Although it’s only been seven months since the winners of the Nobel Prize in Medicine were announced, for one of them it feels like “a distant memory.”
“It was a roller coaster ride,” says British scientist Sir Peter Ratcliffe, who, along with Americans William Kaelin and Gregg Semenza, won recognition for his discoveries about “how cells feel available oxygen and adapt to the”.
The announcement of October 7 was followed by various tributes and distinctions. And is that the importance of their research is immense, among several reasons, because they are helping the development of new treatments for anemia and cancer.
But the joy of the award was short-lived: in a matter of months, the world entered a war against a coronavirus that has left tens of thousands dead and infected in different countries.
“As everyone, I’m sad because of what is happening, somehow I feel frustration, but above all concern, “he says.
“There are people who warned, for quite some time, that this could happen.”
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“It is difficult to know what to say or what are the correct observations. The truth is that we, at the moment, don’t really know where this will end. ”
The problem of the first evaluations
When I ask him if, in general, we could have been better prepared to face this pandemic, he says “sure”.
But he understands that there have been people who did not correctly assess the potential severity of the epidemic.
“I think the first data seemed to indicate that China had been able to control the epidemic pretty well, all the details of that are yet to emerge, “says the also director of the Target Discovery Institute at the University of Oxford.
“It has been shown that (the coronavirus) has been much more serious in Europe and the United States than could have been predicted,” despite the fact that “a good number of experts had warned of possible problems.”
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Ratcliffe is also the director of Clinical Research at the prestigious Francis Crick Institute (in England), which has joined the fight against the coronavirus from the area of diagnosis and research.
Reflecting on his country, he points out that “the first problem is that we were not as prepared as we could have been,” says the doctor.
He acknowledges that it was easy to make mistakes when analyzing the coronavirus situation in January and February.
“Most of us misjudge the threat (…) But there’s no point blaming anyone. You just have to go on and do the best you can, “he says.
“My problem really is that it seems (the wrong evaluations) are still happening. We have not yet discussed everything that needs to be done.
“In this country, we are still moving very slowly towards a situation where we are trying to control a developing epidemic. We are waiting for the best to happen, hoping that the epidemic may somehow fade away, “he adds.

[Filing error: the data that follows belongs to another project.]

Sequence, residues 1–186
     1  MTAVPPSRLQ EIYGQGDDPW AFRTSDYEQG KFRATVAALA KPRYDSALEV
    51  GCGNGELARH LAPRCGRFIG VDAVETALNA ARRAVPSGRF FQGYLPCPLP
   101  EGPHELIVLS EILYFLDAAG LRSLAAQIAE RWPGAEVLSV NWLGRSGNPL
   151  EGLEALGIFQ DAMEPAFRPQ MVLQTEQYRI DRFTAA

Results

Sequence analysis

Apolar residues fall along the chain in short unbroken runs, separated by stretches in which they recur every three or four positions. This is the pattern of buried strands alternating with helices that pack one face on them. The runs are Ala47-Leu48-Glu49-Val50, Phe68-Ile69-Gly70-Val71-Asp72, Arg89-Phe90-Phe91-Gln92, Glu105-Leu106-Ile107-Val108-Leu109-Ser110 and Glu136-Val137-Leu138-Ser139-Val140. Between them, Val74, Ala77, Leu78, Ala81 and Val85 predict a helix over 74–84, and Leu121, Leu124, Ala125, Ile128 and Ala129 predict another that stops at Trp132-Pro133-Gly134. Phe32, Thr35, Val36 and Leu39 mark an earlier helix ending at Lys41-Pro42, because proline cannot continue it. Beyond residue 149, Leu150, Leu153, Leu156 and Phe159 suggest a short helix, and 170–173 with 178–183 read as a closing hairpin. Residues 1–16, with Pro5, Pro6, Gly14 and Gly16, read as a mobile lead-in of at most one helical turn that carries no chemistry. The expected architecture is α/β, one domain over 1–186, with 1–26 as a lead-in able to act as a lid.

But most of the evidence that exists, not all, suggests that this is unlikely to happen, says the expert.
The researcher assures that he has “strongly argued to the representatives of the UK government that what the country needs is a systematic testing program for the coronavirus and for antibodies and other types of immunities. ”
Although he admits that it is not “a trivial thing” to organize, he is frustrated that it is not done.
You are concerned that there are “delays in obtaining diagnostic tests” in your country, as well as delays in implementing a systematic approach so that, as far as possible, people who are infected can be separated from the rest of the population.
And it is that there are many infected with SARS Cov-2 who are asymptomatic.
“Other scientists and I are a little frustrated because we still don’t think this problem is being valued properly as we move forward.”
He points out that the fact that “mistakes may have been made in the past, which is easily excusable”, does not mean that measures and policies cannot be changed in the future.
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“These people are chosen for their ability to speak in public and handle very difficult questions, but they are very distracted by those questions and it seems that they are not very good at making decisions.”
“We undoubtedly need measures to control the epidemic in the future, “he says.
“What concerns me a little is the inability of our leadership to show clarity about the unknowns that exist and, sometimes, what needs to be done.”
“The truth and nothing but the truth”
Ratcliffe argues that one of the lessons this crisis is leaving is that the public understands when something is not known.
“And so, it is better to be honest about what is ignored and not giving statement after statement: ‘the virus is doing this’, ‘so many tests would not be necessary’ or that (the situation) will end in May or June ’”.